3rd April 1945: A fifteen year old German soldier, Hans-Georg Henke, cries tears of defeat after being captured by the US 9th Army in Germany. (Photo by John Florea/Keystone/Getty Images).

Hans Georg Henke was 16 years old when the Allied Forces captured the city of Hessen, Germany. An unsettling photograph of the guy boy exists today as a remarkable memoir of what the Hitler Youth went through and a reminder of a young boy forced to survive against all odds.

Although several photojournalists take credit for the photo, the story behind the sobbing boy is enough to make you realize how tragic life was during the World War. Henke’s will to beat the odds and innocence that was taken away is an inspiring reminder of how precious life is amidst any adversity.

The boy who learned to make a living for the family

Henke was forced to become part of the Hitler Youth because he needed to find work to support the family. His father died in 1938 and his mother left the family penniless when she died in 1944. Henke joined the Luftwaffe, a German aerial warfare branch, at the age of 15.

Recounting his experience as a young child, Henke maintained his story throughout his life. He says he was stationed in Stettin which had a chain of 88 mm guns. When the Allied forces, led by the Soviets, overwhelmed their unit, the photograph of him sobbing was taken.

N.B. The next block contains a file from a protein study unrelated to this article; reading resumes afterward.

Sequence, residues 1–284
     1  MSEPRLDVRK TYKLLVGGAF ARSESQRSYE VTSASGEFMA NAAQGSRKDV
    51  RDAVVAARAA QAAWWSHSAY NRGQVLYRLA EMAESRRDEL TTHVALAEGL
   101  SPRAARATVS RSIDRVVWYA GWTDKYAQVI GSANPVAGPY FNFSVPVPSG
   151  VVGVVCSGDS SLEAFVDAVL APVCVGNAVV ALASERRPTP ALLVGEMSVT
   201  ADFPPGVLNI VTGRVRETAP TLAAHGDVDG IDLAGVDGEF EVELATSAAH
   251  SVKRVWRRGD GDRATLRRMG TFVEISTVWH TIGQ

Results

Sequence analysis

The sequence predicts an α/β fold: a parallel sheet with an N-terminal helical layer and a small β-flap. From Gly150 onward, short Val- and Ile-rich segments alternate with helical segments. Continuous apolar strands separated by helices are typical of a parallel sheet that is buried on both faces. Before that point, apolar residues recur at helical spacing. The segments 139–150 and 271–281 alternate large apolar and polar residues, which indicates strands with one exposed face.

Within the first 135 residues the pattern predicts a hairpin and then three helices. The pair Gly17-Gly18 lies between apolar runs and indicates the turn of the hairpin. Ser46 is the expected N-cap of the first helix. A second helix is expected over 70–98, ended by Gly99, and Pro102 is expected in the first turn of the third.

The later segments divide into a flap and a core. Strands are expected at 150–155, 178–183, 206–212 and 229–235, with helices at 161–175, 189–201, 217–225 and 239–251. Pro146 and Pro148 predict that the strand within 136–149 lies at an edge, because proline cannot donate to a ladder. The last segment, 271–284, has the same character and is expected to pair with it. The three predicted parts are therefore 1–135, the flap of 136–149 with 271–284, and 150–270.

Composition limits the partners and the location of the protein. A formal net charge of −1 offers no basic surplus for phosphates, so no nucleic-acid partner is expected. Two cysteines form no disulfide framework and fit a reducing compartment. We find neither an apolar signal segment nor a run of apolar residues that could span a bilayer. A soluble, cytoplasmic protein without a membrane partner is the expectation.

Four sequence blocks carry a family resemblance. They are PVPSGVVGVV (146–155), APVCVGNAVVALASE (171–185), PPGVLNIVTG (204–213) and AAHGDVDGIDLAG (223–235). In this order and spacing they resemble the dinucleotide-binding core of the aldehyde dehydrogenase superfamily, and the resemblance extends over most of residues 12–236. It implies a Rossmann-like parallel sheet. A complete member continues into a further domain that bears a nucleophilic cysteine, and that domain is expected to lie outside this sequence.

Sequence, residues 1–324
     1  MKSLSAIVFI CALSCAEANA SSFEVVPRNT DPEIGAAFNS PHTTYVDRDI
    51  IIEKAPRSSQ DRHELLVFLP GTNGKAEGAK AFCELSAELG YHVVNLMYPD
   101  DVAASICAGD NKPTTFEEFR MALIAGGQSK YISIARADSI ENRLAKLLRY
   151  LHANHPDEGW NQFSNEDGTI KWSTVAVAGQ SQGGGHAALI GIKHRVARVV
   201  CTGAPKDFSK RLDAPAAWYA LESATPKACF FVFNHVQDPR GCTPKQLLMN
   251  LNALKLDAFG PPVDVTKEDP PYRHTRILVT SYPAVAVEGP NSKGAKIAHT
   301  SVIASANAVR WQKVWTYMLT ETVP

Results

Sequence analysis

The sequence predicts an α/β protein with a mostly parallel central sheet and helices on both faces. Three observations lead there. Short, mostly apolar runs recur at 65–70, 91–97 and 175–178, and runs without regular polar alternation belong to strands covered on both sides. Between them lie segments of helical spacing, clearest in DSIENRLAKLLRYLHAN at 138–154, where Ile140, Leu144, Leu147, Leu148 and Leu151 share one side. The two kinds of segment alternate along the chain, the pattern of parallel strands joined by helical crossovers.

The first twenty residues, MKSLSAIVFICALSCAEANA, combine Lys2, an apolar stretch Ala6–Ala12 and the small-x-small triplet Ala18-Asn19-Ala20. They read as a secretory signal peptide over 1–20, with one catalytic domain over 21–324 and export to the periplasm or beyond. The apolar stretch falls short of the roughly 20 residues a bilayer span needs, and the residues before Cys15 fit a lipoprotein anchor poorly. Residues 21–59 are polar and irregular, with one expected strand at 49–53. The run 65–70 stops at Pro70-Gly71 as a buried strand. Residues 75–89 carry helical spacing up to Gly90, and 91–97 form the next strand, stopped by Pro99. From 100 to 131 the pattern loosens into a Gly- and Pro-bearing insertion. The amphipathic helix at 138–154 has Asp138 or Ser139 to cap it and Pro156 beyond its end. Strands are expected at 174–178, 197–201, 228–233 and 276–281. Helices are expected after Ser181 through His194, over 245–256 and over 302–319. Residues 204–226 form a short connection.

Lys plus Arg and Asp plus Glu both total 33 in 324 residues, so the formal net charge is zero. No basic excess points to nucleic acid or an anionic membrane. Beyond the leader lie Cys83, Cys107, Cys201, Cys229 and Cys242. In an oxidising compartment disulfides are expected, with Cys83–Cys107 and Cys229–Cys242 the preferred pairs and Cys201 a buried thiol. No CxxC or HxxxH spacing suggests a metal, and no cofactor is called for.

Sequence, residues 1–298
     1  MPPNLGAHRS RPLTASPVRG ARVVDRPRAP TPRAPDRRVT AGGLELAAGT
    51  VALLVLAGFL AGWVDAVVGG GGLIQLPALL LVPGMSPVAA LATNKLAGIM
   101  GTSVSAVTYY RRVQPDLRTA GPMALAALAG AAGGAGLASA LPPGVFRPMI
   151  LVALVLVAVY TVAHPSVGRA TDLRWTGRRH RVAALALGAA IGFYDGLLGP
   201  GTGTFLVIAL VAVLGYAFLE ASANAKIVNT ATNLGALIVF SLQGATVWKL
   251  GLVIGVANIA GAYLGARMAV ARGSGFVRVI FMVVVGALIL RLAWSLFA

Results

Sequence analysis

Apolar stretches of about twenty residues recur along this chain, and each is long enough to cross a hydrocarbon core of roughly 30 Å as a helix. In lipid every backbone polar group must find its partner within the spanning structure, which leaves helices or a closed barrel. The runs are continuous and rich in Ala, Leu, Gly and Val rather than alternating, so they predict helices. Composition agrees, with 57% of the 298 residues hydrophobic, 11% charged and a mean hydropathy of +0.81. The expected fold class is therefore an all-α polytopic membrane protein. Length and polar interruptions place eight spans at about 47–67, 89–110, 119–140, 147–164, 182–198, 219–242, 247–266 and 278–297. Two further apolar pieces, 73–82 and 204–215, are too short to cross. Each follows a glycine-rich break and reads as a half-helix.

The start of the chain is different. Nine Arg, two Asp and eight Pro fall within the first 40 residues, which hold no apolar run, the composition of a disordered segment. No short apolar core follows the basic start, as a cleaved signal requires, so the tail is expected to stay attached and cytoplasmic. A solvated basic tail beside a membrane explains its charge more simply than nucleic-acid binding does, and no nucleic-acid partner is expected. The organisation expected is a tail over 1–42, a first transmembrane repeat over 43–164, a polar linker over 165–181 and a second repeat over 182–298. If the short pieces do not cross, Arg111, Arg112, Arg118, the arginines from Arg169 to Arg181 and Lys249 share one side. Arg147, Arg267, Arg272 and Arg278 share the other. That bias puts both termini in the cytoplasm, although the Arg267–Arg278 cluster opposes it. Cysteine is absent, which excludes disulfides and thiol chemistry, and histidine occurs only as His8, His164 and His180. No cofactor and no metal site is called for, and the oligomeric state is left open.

John Florea, an American photojournalist, claims ownership for the photos. He says the photographs were taken in Hessen which possess strong semblance to the photo. Some of the areas still exist today and contradict Henke’s recount wherein he said he was wearing rags and not combat boots.

Changing recounts of the story

The American photojournalist explains that when he took the photo, Henke was not crying because his world has fallen apart, but because of combat shock. His unit was captured by the American Allied forces and his fate was sealed.

Henke changed his recount because, after the war, he joined the Communist Party and settled in East Germany. East Germany considered those who surrendered to the Allied Forces during the war as a possible third force.

Hans Georg Henke lived a full life and died at the age of 69 on October 9, 1997, at Brandenburg, Germany.